Inhibitors of the apoptosis protein
Kinesin spindle protein
Polyacrylamide gel electrophoresis
- Real-time qRT-PCR:
Real-time quantitative reverse transcription PCR
Reverse transcription PCR
Sodium dodecyl sulfate
Small interfering RNA
Vascular endothelial growth factor.
Okuda K: Hepatocellular carcinoma. J Hepatol 2000, 32: 225-237.
Xu C, Lee SA, Chen X: RNA Interference as Therapeutics for Hepatocellular Carcinoma. Recent Pat on Anticancer Drug Discov 2011, 6: 106-115. 10.2174/157489211793980097
Devi GR: siRNA-based approaches in cancer therapy. Cancer Gene Ther 2006, 13: 819-829. 10.1038/sj.cgt.7700931
Iorns E, Lord CJ, Turner N, Ashworth A: Utilizing RNA interference to enhance cancer drug discovery. Nat Rev Drug Discov 2007, 6: 556-568. 10.1038/nrd2355
Marra E, Palombo F, Ciliberto G, Aurisicchio L: Kinesin spindle protein siRNA slows tumor progression. J Cell Physiol 2013, 228: 58-64. 10.1002/jcp.24103
Sarli V, Giannis A: Targeting the Kinesin Spindle Protein: Basic Principles and Clinical Implications. Clin Cancer Res 2008, 14: 7583-7587. 10.1158/1078-0432.CCR-08-0120
Weil D, Garçon L, Harper M, Duménil D, Dautry F, Kress M: Targeting the kinesin Eg5 to monitor siRNA transfection in mammalian cells. Biotechniques 2002, 33: 1244-1248.
Formstecher E, Reverdy C, Cholay M, Planquette C, Trouplin V, Lehrmann H, Aresta S, Calabrese A, Arar K, Daviet L, Colland F: Combination of active and inactive siRNA targeting the mitotic kinesin Eg5 impairs silencing efficiency in several cancer cell lines. Oligonucleotides 2006, 16: 387-394. 10.1089/oli.2006.16.387
Castillo A, Morse HC, Godfrey VL, Naeem R, Justice MJ: Overexpression of Eg5 causes genomic instability and tumor formation in mice. Cancer Res 2007, 67: 10138-10147. 10.1158/0008-5472.CAN-07-0326
Knox JJ, Gill S, Synold TW, Biagi JJ, Major P, Feld R, Cripps C, Wainman N, Eisenhauer E, Seymour L: A phase II and pharmacokinetic study of SB-715992, in patients with metastatic hepatocellular carcinoma: a study of the National Cancer Institute of Canada Clinical Trials Group (NCIC CTG IND.168). Invest New Drugs 2008, 26: 265-272. 10.1007/s10637-007-9103-2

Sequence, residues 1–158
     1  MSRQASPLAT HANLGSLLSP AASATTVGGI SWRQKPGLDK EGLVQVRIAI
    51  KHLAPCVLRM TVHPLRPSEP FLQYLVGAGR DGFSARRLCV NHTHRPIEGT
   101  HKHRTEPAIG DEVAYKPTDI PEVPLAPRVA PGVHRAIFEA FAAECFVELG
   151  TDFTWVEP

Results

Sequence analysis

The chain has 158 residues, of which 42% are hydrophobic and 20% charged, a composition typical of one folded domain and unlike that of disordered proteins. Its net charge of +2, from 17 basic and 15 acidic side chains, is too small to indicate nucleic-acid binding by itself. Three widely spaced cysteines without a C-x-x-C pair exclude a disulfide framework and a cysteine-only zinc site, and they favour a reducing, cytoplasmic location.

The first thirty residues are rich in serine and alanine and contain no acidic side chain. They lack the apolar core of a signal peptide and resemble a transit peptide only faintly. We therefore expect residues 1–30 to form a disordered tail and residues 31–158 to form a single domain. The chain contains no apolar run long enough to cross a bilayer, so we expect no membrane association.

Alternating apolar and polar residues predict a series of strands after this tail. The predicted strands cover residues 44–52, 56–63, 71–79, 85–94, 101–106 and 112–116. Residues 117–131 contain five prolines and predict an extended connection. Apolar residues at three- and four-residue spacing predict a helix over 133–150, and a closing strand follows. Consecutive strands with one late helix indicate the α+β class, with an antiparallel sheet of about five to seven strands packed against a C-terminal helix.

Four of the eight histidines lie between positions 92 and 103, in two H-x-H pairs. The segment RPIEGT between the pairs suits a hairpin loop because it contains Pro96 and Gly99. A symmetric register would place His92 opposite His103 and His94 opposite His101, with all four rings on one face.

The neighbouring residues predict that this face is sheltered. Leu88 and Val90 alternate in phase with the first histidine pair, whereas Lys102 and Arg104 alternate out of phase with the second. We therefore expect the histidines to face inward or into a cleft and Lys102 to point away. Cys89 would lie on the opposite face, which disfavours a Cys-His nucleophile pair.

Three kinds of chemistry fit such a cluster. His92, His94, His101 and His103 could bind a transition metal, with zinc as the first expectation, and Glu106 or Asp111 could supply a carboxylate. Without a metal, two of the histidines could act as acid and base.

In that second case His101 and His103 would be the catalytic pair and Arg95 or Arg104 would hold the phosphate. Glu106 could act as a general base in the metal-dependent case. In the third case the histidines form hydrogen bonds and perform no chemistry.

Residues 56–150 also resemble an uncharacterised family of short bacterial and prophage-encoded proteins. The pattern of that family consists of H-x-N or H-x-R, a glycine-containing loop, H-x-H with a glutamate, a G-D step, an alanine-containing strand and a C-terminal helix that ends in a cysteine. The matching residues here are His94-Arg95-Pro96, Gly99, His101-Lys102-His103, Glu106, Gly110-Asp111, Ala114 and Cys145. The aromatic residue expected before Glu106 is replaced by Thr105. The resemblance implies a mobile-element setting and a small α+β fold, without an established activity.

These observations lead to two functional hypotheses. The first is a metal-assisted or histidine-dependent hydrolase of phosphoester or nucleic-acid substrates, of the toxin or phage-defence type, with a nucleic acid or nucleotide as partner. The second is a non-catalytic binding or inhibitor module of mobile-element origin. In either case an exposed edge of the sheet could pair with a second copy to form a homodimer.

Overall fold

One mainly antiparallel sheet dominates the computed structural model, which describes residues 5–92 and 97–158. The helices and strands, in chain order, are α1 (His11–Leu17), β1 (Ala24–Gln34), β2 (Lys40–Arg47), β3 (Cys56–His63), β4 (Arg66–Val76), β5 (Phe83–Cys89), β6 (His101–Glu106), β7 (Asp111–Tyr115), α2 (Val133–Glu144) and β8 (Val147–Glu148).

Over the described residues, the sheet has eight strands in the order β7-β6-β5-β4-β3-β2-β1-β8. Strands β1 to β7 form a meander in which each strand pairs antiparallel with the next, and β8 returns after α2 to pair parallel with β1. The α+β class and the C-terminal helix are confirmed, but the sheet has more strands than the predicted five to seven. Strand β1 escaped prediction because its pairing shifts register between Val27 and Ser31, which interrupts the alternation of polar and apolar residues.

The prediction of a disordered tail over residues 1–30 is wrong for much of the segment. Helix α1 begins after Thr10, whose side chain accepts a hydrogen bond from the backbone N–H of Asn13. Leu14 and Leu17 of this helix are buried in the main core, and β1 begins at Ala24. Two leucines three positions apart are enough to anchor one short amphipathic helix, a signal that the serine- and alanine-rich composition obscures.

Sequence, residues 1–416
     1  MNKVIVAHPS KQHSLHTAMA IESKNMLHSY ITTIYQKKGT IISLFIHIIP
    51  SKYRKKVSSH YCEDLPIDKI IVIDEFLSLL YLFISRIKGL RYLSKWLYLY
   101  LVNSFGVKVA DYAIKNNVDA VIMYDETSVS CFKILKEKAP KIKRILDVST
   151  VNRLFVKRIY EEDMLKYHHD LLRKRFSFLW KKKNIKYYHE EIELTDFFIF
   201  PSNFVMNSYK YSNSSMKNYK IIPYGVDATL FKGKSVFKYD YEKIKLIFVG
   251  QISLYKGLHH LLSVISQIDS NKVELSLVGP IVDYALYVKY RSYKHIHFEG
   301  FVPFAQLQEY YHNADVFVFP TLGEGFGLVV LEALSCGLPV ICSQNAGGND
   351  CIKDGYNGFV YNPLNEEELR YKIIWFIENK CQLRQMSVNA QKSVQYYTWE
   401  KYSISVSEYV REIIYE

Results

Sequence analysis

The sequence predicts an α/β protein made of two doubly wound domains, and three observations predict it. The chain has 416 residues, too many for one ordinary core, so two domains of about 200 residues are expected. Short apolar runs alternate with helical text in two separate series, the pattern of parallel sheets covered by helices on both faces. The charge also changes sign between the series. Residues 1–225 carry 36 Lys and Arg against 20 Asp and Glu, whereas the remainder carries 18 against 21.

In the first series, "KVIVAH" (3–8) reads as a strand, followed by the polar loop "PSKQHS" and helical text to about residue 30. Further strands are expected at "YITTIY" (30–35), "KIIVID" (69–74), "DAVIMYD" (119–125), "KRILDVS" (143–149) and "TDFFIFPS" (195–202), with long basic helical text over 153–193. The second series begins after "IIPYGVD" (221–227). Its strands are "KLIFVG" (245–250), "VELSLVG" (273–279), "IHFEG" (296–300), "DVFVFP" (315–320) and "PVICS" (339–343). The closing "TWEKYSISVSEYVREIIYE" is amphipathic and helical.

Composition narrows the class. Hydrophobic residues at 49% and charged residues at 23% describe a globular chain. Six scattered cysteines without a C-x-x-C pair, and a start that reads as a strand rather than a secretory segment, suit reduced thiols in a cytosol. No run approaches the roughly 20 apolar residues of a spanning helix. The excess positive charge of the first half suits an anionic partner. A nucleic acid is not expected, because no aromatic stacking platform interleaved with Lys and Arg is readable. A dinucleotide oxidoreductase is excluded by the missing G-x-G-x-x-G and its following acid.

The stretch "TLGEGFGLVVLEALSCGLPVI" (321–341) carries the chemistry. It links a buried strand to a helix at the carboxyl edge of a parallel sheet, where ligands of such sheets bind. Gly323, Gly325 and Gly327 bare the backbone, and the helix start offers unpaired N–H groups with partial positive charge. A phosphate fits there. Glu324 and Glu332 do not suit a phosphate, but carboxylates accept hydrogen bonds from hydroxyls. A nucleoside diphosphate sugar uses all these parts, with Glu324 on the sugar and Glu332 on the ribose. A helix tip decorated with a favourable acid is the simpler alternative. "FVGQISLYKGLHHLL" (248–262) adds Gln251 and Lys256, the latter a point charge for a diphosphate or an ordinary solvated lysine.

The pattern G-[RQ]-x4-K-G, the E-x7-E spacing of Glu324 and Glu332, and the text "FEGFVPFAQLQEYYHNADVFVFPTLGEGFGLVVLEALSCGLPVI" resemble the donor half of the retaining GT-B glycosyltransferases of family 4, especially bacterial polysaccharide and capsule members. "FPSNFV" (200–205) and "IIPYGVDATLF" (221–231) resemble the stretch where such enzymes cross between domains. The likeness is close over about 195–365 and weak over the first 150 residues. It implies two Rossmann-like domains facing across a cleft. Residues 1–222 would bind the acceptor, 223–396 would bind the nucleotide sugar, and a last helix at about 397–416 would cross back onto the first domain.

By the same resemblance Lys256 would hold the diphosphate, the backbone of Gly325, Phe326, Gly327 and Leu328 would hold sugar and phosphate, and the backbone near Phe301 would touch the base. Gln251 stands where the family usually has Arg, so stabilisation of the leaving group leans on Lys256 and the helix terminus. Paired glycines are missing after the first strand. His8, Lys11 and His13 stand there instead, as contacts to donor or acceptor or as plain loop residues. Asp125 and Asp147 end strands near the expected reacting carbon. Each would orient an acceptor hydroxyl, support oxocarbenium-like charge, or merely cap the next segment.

Knight SD, Parrish CA: Recent progress in the identification and clinical evaluation of inhibitors of the mitotic kinesin KSP. Top Med Chem 2008, 8: 888-904. 10.2174/156802608784911626
Liu X, Gong H, Huang K: Oncogenic role of kinesin proteins and targeting kinesin therapy. Cancer Sci 2013, 104: 651-656. 10.1111/cas.12138
Pang R, Poon RT: Angiogenesis and antiangiogenic therapy in hepatocellular carcinoma. Cancer Lett 2006, 242: 151-167. 10.1016/j.canlet.2006.01.008
Raskopf E, Vogt A, Sauerbruch T, Schmitz V: siRNA targeting VEGF inhibits hepatocellular carcinoma growth and tumor angiogenesis in vivo. J Hepatol 2008, 49: 977-984. 10.1016/j.jhep.2008.07.022
Zhao J, Hu J, Cai J, Yang X, Yang Z: Vascular endothelial growth factor expression in serum of patients with hepatocellular carcinoma. Chin Med J 2003, 116: 772-776.
Huang GW, Yang LY, Lu WQ: Expression of hypoxia-inducible factor 1 alpha and vascular endothelial growth factor in hepatocellular carcinoma: impact on neovascularization and survival. World J Gastroenterol 2005, 11: 1705-1708. 10.3748/wjg.v11.i11.1705
Gasparini G, Longo R, Toi M, Ferrara N: Angiogenic inhibitors: a new therapeutic strategy in oncology. Nat Clin Pract Oncol 2005, 2: 562-577.
Siegel AB, Cohen EI, Ocean A, Lehrer D, Goldenberg A, Knox JJ, Chen H, Clark-Garvey S, Weinberg A, Mandeli J, Christos P, Mazumdar M, Popa E, Brown RS Jr, Rafii S, Schwartz JD: Phase II trial evaluating the clinical and biologic effects of bevacizumab in unresectable hepatocellular carcinoma. J Clin Oncol 2008, 26: 2992-2998. 10.1200/JCO.2007.15.9947
Judge AD, Robbins M, Tavakoli I, Levi J, Hu L, Fronda A, Ambegia E, McClintock K, MacLachlan I: Confirming the RNAi-mediated mechanism of action of siRNA-based cancer therapeutics in mice. J Clin Invest 2009, 119: 661-673. 10.1172/JCI37515
Yin Y, Cao LY, Wu WQ, Li H, Jiang Y, Zhang HF: Blocking effects of siRNA on VEGF expression in human colorectal cancer cells. World J Gastroenterol 2010, 16: 1086-1092. 10.3748/wjg.v16.i9.1086
Deezagi A, Ansari-Majd S, Vaseli-Hagh N: Induced apoptosis in human prostate cancer cells by blocking of vascular endothelial growth factor by siRNA. Clin Transl Oncol 2012, 14: 791-799. 10.1007/s12094-012-0868-1